An American photographer spent four years on and off living amongst Irish Travellers before producing a stunning series of young Traveller children going about their daily lives. 

Jamie Johnson, a prominent photographer based in Los Angeles, has photographed native children all over the world from the Amazon to Laos and Cambodia. 

She was advised to document Irish Travellers while photographing gipsies in the French Riviera and set out for the Ballinalsoe Horse Fair in October 2014. 

Little did she know that this would be the start of a four-year journey that would see her fall in love with native Irish Travellers. 

Jamie Johnson

Jamie Johnson

Johnson immediately took to the Travelling community and said she was instantly welcomed by families who were delighted to have portraits taken of their children. 

"It was fantastic. Everyone was so lovely and happy to have me there," Johnson told IrishCentral. 

The American photographer said she set up a Facebook page ahead of the 2014 Horse Fair offering free portraits to Traveller families and said that the project took off thereafter.  

"I offered people free portraits and it just rolled over into this family and that family. It just sort of snowballed over the years." 

Jamie Johnson

Jamie Johnson

While the Irish Travelling community is typically a closed community, Johnson said that she wasn't intimidated in the slightest about the project. 

"It was way less intimidating than shooting a tribe in the Amazon with three translators," Johnson said. "Everybody spoke English which was a change for me. I just had the best time." 

Johnson's series captures Traveller children going about their daily lives, playing with horses, doing make-up, or training for boxing. The spectacular series captures the traditions and cultures that have surrounded the Travelling community for decades and each picture tells its own story. 

Describing one of her most noteworthy photographs, Johnson said that she was walking down the main street of an Irish town when she spotted three Traveller children sitting at a bus stop with their grandmother.

Read more: Stunning photographs capture lives of Irish Travellers

One of the children was smoking a fake cigarette and Johnson rushed to the grandmother to ask permission to photograph the children. 

Jamie Johnson

Jamie Johnson

"I was walking down the high street and I saw these three girls sitting at the bus stop with their grandma and they were looking at me just like they were in the picture. I had my camera with me and I asked their grandma could I take their picture. I was never going to forget this because they were just staring at me,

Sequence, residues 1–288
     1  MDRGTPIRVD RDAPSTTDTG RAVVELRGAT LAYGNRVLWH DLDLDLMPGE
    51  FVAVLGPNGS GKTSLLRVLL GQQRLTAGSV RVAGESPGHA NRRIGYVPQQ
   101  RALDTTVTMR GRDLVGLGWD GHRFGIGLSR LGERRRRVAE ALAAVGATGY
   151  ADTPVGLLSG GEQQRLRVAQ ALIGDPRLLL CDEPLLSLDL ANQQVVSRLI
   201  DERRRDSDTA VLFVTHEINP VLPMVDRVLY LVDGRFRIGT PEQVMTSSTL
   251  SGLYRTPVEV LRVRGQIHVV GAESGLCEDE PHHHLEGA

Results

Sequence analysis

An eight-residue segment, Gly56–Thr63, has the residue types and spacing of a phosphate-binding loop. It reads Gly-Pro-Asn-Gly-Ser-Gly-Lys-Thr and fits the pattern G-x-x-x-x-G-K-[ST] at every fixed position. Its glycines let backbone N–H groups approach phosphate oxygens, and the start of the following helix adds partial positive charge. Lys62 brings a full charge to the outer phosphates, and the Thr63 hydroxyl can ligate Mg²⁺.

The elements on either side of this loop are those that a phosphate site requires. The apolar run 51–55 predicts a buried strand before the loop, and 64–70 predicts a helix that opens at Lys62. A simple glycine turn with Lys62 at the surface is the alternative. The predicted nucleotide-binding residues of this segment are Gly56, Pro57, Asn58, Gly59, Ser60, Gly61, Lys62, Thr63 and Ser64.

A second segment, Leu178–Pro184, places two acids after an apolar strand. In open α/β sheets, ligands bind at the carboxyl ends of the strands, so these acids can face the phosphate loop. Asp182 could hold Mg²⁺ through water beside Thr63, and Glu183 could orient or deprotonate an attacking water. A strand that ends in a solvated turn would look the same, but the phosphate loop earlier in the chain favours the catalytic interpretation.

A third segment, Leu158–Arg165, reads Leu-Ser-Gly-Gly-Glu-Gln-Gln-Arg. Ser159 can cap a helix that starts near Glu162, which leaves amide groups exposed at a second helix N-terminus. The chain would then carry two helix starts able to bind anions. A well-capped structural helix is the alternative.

"She said of course you can but 1) I don't want to be in the picture and 2) you have to send them to me." 

Throughout her time in Ireland, Johnson said she witnessed numerous incidents of shocking racism towards the Travelling community and said that the abuse directed at young children was particularly disturbing. 

"It's really upsetting and disgusting and shocking. I've never been in a place where children are subjected to racial attacks or called names. It was crazy for me." 

The racism Johnson encountered inspired her to write a book about the Irish Travelling community. 

"Growing Up Travelling" was released earlier this month and effortlessly captures the cultures and traditions of the Travelling community. 

Jamie Johnson

Jamie Johnson

It also deals with the much more problematic theme of racism and explores the prejudices suffered by the Travelling community through the eyes of young children. 

"It's really sort of a history of Travellers told through the children and how they deal with racism. They love who they are and that's what the book is about. 

"I was hoping that maybe I could get just a handful of people to change their opinions on Travellers that would be great." 

Johnson's book, initially delayed by the COVID-19 pandemic, is available to purchase from her website. 

A young Traveller child poses with a horse.

A young Traveller child poses with a horse.

Read more: German photographer spends four years photographing Irish Travellers